Operative morbidity and mortality increases significantly with splenomegaly.

Laparoscopic splenectomy has increased risk of bleeding, capsular disruption and conversions to open splenectomy as splenomegaly increases.

Laparoscopic approach is the gold standard for performing splenectomy in patients with small spleens.

Complications may be substantial with surgery-related deaths reported from one series as high as 1.6% with prolonged hospitalization and readmissions.

Splenectomy is associated with fatal perioperative and postoperative complications including bleeding, infection and thrombosis.

Asplenic patients have a 13-35 fold increase risk of septicemia compared with the general population.

Patient surgical asplenia are at elevated risk for infections, particularly those caused by encapsulated organisms such as Streptococcus pneumoniae, and neisseria meningitidis.

Long term complications of splenectomy include increased susceptibility to infection, thrombosis and increase in deaths from cardiovascular disease and increase rate of pulmonary hypertension.

Lifetime risk of post splenectomy overwhelming infection is approximately 5%, and mortality rates exceed 50% in such patients.

Long-term responses to splenectomy with ITP is reported around 60-70%

Mortality rates 0.2% and 1.0% with laparoscopy and open laparotomy, respectively for ITP.

Complication rate 9.6% and 12.9% for laparoscopic and open laparotomy, respectively for ITP.

Fatal infection rate estimated to be 0.73 per 1000 patient-years from patients with hereditary spherocytosis.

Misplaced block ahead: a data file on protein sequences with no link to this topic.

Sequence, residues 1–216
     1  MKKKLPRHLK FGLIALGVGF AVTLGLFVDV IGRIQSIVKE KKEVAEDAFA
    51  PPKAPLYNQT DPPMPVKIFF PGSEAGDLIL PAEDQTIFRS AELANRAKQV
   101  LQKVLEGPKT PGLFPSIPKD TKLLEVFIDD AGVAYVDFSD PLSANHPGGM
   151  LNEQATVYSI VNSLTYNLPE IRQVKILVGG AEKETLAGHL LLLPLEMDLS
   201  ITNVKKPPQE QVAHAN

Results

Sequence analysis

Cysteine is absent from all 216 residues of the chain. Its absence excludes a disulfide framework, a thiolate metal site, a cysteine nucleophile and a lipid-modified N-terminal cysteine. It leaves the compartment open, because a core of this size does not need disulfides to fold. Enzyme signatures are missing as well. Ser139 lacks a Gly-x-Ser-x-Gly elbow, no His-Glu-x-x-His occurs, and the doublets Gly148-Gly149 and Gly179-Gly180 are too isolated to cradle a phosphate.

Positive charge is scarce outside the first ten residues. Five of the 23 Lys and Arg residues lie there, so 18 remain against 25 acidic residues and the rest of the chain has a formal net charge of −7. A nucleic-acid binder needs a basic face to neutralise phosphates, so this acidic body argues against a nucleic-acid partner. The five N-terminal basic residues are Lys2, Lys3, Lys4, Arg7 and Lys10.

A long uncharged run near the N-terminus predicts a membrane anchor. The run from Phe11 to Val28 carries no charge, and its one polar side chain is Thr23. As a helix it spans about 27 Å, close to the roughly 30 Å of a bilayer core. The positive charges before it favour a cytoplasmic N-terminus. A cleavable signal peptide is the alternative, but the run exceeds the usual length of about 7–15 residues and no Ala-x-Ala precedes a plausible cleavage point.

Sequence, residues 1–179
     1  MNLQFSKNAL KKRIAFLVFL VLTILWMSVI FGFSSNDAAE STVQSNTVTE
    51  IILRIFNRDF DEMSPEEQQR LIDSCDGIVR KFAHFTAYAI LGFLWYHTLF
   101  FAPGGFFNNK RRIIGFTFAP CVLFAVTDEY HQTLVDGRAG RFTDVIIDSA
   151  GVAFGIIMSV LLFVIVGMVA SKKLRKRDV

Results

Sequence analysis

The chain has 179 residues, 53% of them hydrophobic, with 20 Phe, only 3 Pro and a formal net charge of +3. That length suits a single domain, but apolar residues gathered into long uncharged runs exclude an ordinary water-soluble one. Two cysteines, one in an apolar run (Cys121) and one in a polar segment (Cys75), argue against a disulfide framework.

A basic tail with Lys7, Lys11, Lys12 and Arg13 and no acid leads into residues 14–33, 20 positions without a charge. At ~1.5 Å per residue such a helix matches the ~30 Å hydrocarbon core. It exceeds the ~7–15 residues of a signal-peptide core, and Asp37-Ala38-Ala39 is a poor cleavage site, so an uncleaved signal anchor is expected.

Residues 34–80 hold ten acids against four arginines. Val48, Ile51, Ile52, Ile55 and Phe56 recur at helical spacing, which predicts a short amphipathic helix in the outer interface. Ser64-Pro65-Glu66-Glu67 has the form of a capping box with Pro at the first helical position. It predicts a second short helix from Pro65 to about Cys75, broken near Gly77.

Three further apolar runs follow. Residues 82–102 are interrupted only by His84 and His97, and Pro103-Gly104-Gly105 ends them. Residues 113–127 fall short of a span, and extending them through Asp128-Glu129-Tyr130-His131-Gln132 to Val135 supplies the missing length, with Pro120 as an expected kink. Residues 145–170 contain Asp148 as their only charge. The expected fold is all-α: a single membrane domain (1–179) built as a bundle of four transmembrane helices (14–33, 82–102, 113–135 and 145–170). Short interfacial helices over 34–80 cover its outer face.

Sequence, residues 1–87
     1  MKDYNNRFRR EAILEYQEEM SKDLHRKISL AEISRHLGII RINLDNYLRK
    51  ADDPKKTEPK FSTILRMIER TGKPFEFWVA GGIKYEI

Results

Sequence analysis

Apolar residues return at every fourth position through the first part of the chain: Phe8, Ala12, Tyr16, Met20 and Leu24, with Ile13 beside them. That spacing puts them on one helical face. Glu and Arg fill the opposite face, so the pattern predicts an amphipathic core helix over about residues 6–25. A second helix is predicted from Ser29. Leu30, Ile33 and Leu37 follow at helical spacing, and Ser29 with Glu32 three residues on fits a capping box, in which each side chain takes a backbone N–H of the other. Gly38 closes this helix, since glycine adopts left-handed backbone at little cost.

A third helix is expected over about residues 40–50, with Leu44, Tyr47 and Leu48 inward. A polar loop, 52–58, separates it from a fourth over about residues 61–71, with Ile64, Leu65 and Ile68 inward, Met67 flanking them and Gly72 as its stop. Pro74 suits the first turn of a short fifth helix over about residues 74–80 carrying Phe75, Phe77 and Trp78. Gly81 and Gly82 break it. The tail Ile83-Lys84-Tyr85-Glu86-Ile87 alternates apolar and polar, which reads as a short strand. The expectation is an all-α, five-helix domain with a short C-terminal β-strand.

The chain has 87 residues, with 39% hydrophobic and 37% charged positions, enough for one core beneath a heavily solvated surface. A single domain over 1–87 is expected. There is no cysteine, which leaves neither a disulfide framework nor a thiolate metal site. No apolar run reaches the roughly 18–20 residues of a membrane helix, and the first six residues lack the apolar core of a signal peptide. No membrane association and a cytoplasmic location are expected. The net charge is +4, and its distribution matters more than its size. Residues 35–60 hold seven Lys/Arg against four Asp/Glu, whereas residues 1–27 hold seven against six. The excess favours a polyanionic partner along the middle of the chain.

Splenectomy for immune thrombocytopenia is associated with a relative risk of severe infection of 1.4 compared with patients who had not undergone the surgery (Thomsen RW et al).

Splenectomy for immune thrombocytopenia is associated with a relative risk of venous thrombosis of 2.6 compared to patients who have undergone appendectmy (Thomsen RW et al).

Associated with lifelong increased risk of bacterial sepsis.

Risk of overwhelming sepsis occurs in 1% of adults who undergo splenectomy.

Pathogens seen following this procedure include pneumococci, meningococci, agents which are otherwise removed by an intact spleen.

Emergency procedure required for spontaneous rupture of the spleen.

May be indicated in hereditary spherocytosis, refractory immune thrombocytopenia, some cases of hairy cell leukemia, some cases of lymphoma, splenic vein thrombosis.

Risk increased with myelofibrosis and portal hypertension.

Splenectomy-followed by leukocytosis and thrombocytosis, which normalize within 5-10 days.

Howell-Jolly bodies, which are red blood cells with DNA remnants, are seen on peripheral blood smear following this procedure.

Penicillin prophylaxis recommended in children during the first few years after splenectomy to prevent Streptococcus pneumoniae sepsis.

Haemophilus influenzae type B, menningococcal, and pneumococcal vaccinations should be current in patients who have had a splenectomy

Patients who undergo this procedure should be vaccinated against pneumococci with a polyvalent vaccine, meningococci vaccine, and hemophilus vaccine 1-2 weeks prior to the procedure, if possible.

Children should not be splenectomized before the age of 5 years.

Adult patient undergoing this procedure should receive antibiotics for any febrile illness.

Asplenic patients must be educated on the potential infectious complications of their condition, including the need for an urgent medical care for febrile episodes and antibiotics after animal bites.

Antibiotics are indicated for selected patients on a daily basis for up to 1 to 2 years after splenectomy or lifelong for those who have survived anepisode of overwhelming sepsis.

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